Also known as additive manufacturing, 3D printing is a technology that creates objects layer by layer instead of the usual way of manufacturing them from solid block material. Since every structure or object manufactured varies in terms of the materials used, the 3D printing method also varies, and each one is made suitable for forming materials such as plastic and metal. To be able to create these parts, the process would involve different types of 3D printing methods.
1. Digital Light Process (DLP)
Digital Light Process or DLP is a 3D printing method that works with photopolymers just like SLA (stereolithography). DLP on the other hand, prints faster than SLA and makes use of a light projector screen, while SLA uses UV laser. Manufacturing parts will not be a problem for 3D printers who use DLP because this method can create an entire layer straight away, making it ideal if you require a faster building speed. Parts created using DLP have smooth and refined surface areas. This 3D printing method is also able to create complex designs and geometries, making it a common choice for applications such as jewelry, decorative arts, and prototyping.
A downside to DLP, however, is that objects or parts created using this method easily debase when left out in the sun. While DLP performs well in terms of printing speed, it can also come out more expensive than other printing methods such as FDM. This is for the reason that DLP uses resins instead of filaments, and resins are more expensive.
2. Direct Metal Laser Sintering (DMLS)
Direct Metal Laser Sintering (DMLS) is a 3D printing process that uses a laser instead of a plastic filament to fuse fine metallic powders into complex parts. This method, which is also known as direct metal laser melting (DMLM), is similar to selective laser melting (SLM), and uses steel powder to create objects that are stronger than plastic versions, as well as objects composed of alloys with different melting points.
3. Electron Beam Melting (EBM)
The Electron Beam Melting (EBM) process uses a high-power electron beam to melt the powder, which is then used to produce parts. The hot process and vacuum created inside the chamber allow you to produce parts with no residual stress. While using EBM, it is possible to produce high-quality parts that are economically viable, have a more homogenous composition, and improved mechanical properties.
4. Fused Deposition Modeling (FDM)
Fused Deposition Modeling, or FDM 3D Printing for short, is one of the most basic forms of additive manufacturing. It’s a process where you start with a spool of raw material, typically ABS plastic or something similar, and then feed that raw material into a machine to be heated in its glass transition temperature. With this very low melting point, the plastic cools as it leaves the nozzle and rapidly cools onto a layer or platform below, forming a part of the object being printed. By controlling how quickly this happens, each layer can be created as thin or thick as you want it.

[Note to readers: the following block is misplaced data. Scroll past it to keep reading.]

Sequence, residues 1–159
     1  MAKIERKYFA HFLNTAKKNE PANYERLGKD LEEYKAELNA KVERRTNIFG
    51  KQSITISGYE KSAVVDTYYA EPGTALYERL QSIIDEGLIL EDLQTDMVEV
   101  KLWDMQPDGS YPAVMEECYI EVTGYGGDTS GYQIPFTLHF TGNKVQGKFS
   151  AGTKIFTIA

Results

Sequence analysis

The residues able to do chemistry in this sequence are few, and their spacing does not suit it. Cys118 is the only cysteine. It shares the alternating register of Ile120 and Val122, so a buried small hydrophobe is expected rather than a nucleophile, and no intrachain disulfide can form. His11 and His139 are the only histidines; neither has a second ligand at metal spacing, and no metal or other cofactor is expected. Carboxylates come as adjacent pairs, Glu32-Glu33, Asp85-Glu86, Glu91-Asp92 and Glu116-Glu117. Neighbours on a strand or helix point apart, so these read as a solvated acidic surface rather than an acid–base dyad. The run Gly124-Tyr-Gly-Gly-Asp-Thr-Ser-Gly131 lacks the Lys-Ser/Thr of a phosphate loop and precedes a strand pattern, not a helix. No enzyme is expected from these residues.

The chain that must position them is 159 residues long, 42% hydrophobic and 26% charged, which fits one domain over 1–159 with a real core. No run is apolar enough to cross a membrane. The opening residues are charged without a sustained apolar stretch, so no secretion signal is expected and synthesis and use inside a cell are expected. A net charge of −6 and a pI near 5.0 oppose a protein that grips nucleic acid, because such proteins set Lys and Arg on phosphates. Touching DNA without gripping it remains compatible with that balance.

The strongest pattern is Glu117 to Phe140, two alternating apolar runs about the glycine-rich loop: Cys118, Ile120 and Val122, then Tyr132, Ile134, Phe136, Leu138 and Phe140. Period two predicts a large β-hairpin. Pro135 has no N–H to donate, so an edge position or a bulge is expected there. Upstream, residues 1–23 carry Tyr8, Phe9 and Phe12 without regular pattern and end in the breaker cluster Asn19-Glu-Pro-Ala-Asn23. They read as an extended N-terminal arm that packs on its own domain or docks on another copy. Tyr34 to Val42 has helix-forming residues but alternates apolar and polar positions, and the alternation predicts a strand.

5. Laminated Object Manufacturing (LOM)
Laminated Object Manufacturing (LOM) is a process that creates three-dimensional objects from a stack of thin sheet materials using heat and pressure as the only means of joining them. The most common materials used for this type of manufacturing are paper, plastic, and metal. To create an object using LOM, you begin by cutting stacks of sheets into flat, narrow strips. You then lay one strip on top of another and glue them together at the edges. You then stack these joined strips on top of one another to form a 3D object. This method takes on many different names depending on the specific material being used — paper laminate, plastic laminate, metal laminate, etc.
6. Stereolithography (SLA)
The Stereolithography (SLA) method starts by making a copy of the support structures, and then it makes the part itself. It does this by pointing an ultraviolet laser at a kind of liquid plastic resin, which hardens when exposed to UV light. The UV laser draws each layer on the surface of the resin, one at a time. After each layer is drawn onto the resin, the platform holding your part moves down and a bar moves along it to put on another layer of resin. This process is repeated over and over until your part is complete.
7. Selective Laser Sintering (SLS)
Objects created with Selective Laser Sintering (SLS) are made with powder materials, such as nylon. A computer tells a laser what object to print, which traces over the cross-section of that object onto the powder. The laser then heats up the powder just below or above its boiling point, causing the particles to fuse together into a solid form.
8. Selective Laser Melting (SLM)
Selective Laser Melting (SLM) is a high-energy process because the metal powder must be heated above its melting point. Stresses and dislocations can occur during the process, which can impact the final product’s properties. The difference between SLM and DMLS is that SLM heats metal powder until it fully melts into a liquid. DMLS fuses metal powder to form a solid, but it does not melt the metal, so less energy is needed. Sintering heats particles enough so that their surfaces join together.